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Grace: I’m qualified to run for president

Sen. Grace Poe answers questions at the Senate yesterday on claims by critics that she is not qualified to run for either president or vice president in next year’s elections. Manny Marcelo

Poe hits back at UNA over residency claims   

MANILA, Philippines - While she has not yet declared her plans for the 2016 elections, Sen. Grace Poe seemed in a combative mood to face issues being hurled against her by the opposition United Nationalist Alliance.

Speaking before reporters at the Senate yesterday, Poe denounced what she described was a desperate move by the camp of Vice President Jejomar Binay to question her eligibility to run for higher office due to residency requirements.

“What was most insulting to me was for them to say I am not honest because I am not qualified (to run for higher office) and I did not state it. I am qualified but I am still not a candidate. I will address all of this when I file (my certificate of candidacy) and this would be my answer,” she said.

“But I will admit that because of all these developments… Whenever I go out and they ask me how far along I am in making a decision, I would say around 50 percent but now they are pushing me closer to 100 percent,” she added.

Poe stressed that she has always been forthright about every issue raised against her and does not need to “hide behind spokespersons.”

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She explained that her answer “six years and six months” as period of residence in the Philippines in her COC when she ran for senator in 2013 was based on the date she sold her house in the United States, which was sometime in April 2006.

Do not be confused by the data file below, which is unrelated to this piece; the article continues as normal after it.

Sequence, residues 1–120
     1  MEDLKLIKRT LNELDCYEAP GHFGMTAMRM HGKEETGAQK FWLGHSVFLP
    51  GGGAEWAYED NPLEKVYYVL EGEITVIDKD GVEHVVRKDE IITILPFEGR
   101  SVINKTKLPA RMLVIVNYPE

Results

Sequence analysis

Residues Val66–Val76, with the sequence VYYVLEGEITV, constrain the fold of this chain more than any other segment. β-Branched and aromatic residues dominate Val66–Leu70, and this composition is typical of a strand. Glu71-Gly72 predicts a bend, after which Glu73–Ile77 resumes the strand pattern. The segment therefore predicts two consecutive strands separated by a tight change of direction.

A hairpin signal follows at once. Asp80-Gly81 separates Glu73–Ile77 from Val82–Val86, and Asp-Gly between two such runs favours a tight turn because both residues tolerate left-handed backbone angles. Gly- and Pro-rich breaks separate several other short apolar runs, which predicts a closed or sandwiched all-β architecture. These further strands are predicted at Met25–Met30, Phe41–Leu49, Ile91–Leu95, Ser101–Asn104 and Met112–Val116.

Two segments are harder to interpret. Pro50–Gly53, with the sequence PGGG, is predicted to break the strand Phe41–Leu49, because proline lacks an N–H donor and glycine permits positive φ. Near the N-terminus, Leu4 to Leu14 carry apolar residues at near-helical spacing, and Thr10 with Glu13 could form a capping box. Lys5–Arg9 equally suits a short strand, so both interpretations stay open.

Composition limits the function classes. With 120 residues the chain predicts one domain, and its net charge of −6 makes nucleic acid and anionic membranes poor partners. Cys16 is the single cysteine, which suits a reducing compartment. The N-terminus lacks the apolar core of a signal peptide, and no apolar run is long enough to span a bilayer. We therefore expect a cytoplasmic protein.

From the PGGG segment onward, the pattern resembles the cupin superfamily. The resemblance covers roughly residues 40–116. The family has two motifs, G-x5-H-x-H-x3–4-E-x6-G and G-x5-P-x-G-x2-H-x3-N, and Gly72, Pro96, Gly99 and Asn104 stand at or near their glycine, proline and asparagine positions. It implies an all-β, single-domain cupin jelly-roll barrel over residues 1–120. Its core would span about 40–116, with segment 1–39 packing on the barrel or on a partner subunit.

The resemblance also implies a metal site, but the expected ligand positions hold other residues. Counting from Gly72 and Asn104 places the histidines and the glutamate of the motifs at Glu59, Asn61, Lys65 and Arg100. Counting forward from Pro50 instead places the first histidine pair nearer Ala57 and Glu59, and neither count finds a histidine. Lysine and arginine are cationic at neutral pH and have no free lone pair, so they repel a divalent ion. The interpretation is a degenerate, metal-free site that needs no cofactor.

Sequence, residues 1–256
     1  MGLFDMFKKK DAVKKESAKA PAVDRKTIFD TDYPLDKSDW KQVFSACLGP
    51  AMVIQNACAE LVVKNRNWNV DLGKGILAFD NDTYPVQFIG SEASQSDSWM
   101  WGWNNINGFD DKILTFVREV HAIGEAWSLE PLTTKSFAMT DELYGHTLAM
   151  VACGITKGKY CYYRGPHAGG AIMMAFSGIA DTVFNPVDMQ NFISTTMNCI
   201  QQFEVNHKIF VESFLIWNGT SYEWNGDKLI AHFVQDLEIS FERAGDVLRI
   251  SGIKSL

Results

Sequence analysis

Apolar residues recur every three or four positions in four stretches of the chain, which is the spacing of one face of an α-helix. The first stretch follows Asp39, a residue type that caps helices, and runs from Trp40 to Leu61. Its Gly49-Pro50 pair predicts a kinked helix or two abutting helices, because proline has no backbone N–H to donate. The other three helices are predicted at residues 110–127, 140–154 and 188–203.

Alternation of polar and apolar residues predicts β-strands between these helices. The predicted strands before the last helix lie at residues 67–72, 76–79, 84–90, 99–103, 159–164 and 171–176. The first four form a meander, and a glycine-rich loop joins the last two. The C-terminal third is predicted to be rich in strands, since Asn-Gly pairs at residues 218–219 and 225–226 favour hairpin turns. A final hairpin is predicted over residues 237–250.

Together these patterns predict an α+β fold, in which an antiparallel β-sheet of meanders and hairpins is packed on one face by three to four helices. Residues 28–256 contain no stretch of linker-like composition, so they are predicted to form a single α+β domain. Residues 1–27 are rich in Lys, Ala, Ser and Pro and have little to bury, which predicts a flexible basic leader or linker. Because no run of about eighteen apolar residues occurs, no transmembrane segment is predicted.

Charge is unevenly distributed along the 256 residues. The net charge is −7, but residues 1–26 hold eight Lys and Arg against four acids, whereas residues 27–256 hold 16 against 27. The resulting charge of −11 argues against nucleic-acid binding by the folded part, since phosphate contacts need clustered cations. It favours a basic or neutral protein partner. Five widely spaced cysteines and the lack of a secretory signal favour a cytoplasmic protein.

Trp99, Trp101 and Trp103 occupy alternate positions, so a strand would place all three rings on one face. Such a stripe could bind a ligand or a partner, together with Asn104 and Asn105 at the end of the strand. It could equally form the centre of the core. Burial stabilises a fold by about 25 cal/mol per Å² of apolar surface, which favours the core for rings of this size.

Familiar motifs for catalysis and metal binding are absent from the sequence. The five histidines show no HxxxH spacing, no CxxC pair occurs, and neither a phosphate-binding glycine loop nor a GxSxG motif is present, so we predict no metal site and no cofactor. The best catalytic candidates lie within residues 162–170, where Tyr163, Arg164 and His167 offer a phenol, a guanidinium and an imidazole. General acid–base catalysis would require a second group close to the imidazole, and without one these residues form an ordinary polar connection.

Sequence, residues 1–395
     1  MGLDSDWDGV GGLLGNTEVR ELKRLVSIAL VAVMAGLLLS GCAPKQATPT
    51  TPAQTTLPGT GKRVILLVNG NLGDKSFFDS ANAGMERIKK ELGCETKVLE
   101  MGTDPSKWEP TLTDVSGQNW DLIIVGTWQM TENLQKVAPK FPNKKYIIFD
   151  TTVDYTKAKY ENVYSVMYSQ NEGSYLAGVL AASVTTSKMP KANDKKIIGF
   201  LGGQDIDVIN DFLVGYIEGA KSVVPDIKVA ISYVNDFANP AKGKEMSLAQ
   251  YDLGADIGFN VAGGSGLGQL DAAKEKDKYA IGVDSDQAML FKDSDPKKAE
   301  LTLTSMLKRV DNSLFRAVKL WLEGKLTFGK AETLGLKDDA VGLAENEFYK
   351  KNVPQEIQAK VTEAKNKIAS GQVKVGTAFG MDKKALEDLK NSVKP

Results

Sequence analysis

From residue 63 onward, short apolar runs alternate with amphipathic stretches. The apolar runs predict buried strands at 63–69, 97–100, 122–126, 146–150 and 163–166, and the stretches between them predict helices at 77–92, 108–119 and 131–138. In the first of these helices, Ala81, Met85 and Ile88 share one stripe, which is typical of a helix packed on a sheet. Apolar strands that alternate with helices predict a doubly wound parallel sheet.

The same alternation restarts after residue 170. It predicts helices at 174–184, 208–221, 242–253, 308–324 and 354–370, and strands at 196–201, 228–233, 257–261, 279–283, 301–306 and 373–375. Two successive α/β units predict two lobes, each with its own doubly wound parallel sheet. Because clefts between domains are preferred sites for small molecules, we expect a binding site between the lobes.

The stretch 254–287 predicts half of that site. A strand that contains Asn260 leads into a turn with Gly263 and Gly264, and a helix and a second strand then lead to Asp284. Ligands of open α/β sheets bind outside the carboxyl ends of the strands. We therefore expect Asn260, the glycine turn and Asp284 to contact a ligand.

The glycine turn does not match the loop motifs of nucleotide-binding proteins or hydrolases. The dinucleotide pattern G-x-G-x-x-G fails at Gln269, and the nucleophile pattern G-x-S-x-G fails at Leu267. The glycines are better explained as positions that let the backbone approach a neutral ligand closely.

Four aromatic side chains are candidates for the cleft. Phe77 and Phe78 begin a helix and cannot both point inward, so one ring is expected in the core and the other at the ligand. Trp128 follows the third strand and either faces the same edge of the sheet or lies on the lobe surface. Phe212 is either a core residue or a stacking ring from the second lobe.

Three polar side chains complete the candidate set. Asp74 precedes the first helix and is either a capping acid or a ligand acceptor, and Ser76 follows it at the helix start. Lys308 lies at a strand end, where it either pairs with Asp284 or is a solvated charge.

She stressed she has been living in the Philippines since January or February 2005, or shortly after the death of her father on Dec. 14, 2004.

Poe noted that the tactic being employed by UNA was the very same used by enemies of her father, the late actor Fernando Poe Jr., when he ran for president in 2004.

“These were the same issues they threw at FPJ. Where do all this come but from the same people who supported FPJ before,” she said.

She also questioned the timing of the allegations, as she just recently signed the Senate Blue Ribbon subcommittee report recommending the filing of plunder raps against Binay and other Makati City officials.

Poe had recently rejected Binay’s offer to be his running mate in the coming polls.

Commission on Elections Chairman Andres Bautista dodged questions from the media on whether Poe is not qualified to run in either the presidential or vice presidential race next year.

“At this point, it’s still hypothetical because Poe is not yet a candidate,” Bautista said.

“We will act on it once the proper petition is filed with us,” he added, noting that the filing of certificates of candidacy will be in October.

Honest mistake

Election lawyer Romulo Macalintal said Poe’s declaration in her COC “is not decisive in determining whether or not she could comply with the residency requirement for President or VP.”